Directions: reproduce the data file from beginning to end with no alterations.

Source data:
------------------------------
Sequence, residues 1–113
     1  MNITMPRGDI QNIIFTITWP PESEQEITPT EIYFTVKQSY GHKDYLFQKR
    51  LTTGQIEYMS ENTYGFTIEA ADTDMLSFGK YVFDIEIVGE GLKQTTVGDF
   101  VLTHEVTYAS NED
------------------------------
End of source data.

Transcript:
Sequence, residues 1–113
     1  MNITMPRGDI QNIIFTITWP PESEQEITPT EIYFTVKQSY GHKDYLFQKR
    51  LTTGQIEYMS ENTYGFTIEA ADTDMLSFGK YVFDIEIVGE GLKQTTVGDF
   101  VLTHEVTYAS NED